Three days later, in an 11½-hour surgery, a UVA Health surgeon removed a 5x5x3-centimeter tumor from Mincer’s brain. The surgeon, who had been hoping to take out at least 75% of the mass, removed 95% of it – so the surgery was considered a success.
Still, the prognosis isn’t good. Doctors told Mincer that 50% of patients with his condition can live 14 months, while the other 50% don’t make it that long.
Remarkably, the Mincer family has managed to maintain a positive attitude.
“We’re lucky that we live here in Charlottesville and we have such excellent health care at UVA,” Tara Mincer said. “One of the things we don’t worry about is whether we’re getting good enough care. That’s been huge. Our team is excellent, his doctors are excellent. From the moment we arrived at UVA, we’ve been really happy with how well his health care has gone.
“And we have an amazing support group, which has been huge. We’re lucky that we don’t have a lot of the worries that a lot of cancer patients do have.”
Following the surgery, Mincer underwent chemotherapy and radiation treatments. Since then, he’s been able to exercise, going on daily walks with friends, family, business associates and lacrosse players he used to coach in middle school, at Monticello High School and at the YMCA. He logged 113 miles last month, and has helped resume operating the Mincer’s locations on the Corner and at The Shops at Stonefield remotely.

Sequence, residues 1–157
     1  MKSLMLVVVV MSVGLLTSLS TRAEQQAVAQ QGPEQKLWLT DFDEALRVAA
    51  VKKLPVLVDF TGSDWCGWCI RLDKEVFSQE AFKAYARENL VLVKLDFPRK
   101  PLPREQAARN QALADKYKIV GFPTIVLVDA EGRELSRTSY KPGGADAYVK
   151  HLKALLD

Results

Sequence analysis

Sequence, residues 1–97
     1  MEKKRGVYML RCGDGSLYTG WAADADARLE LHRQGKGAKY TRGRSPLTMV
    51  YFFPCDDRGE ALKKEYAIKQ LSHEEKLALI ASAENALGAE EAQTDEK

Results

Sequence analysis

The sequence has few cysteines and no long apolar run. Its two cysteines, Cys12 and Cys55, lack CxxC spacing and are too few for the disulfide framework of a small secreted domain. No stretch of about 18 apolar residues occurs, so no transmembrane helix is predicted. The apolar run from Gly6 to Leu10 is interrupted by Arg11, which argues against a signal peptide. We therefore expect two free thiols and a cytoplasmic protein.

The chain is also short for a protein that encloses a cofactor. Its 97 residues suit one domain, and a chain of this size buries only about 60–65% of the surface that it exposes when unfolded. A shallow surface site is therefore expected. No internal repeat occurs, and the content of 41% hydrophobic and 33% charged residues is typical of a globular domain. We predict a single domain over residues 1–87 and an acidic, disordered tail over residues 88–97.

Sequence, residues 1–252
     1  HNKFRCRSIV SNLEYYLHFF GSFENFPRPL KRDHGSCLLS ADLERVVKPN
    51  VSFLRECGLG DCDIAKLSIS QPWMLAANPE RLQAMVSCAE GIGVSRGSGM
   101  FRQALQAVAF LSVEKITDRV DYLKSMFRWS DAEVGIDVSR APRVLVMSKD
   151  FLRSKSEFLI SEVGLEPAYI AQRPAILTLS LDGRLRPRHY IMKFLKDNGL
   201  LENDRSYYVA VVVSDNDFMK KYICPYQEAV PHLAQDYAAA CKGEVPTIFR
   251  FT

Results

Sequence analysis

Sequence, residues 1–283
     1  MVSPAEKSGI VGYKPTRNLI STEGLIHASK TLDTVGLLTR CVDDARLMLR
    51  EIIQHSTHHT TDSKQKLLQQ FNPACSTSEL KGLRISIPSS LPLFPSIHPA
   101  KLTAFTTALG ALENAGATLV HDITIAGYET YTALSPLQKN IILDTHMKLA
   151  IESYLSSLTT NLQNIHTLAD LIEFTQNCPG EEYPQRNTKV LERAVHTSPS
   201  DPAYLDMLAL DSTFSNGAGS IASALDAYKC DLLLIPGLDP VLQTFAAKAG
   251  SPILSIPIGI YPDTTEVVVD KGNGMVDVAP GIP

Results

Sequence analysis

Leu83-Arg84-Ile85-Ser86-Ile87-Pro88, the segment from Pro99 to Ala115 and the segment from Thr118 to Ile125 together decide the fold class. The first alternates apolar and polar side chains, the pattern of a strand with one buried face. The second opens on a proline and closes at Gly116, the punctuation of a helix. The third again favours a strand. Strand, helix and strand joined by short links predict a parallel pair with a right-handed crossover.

“Initially, it was awful news, devastating,” said Cal, Mincer’s eldest child, “but basically every turn since then has been good. For a bad thing, he’s been doing great.”
Amid a din of cicadas, Mark Mincer sat on the back deck of his home in Keswick recently and discussed the past, present and future of Mincer’s.
“Somebody told me that 95% of family businesses don’t make it to the third generation, and now we’re well on our way to our fourth generation,” Mincer said. “I’m proud that we have been able to keep that going.”
Mincer’s grandfather, Robert W. Mincer, started the business just after World War II ended. A large supply of military-issued smoking pipes had made its way back to the United States. That lessened the demand for them and led to him being laid off from his job as a foreman at a pipe factory in Long Island, New York.
At the suggestion of colleagues who believed students in a college town would be able to afford pipes, Mincer decided to open his own smoke shop. He considered doing so in Hanover, New Hampshire, and Lexington, Virginia, before deciding Charlottesville would be the perfect spot for Mincer’s Humidor.
Robert Mincer and his wife, Clara, came to Charlottesville in the summer of 1948, leasing a roughly 100-square-foot, ground-floor space, while living in an upstairs expanse – and renting spare bedrooms to students – that would later become Michael’s Bistro.
In the summer of 1954, they moved the shop to its current location on The Corner, at the corner of University and Elliewood avenues.
The transition to selling non-smoking-related products happened gradually over time and was based on customer demand, according to Mincer.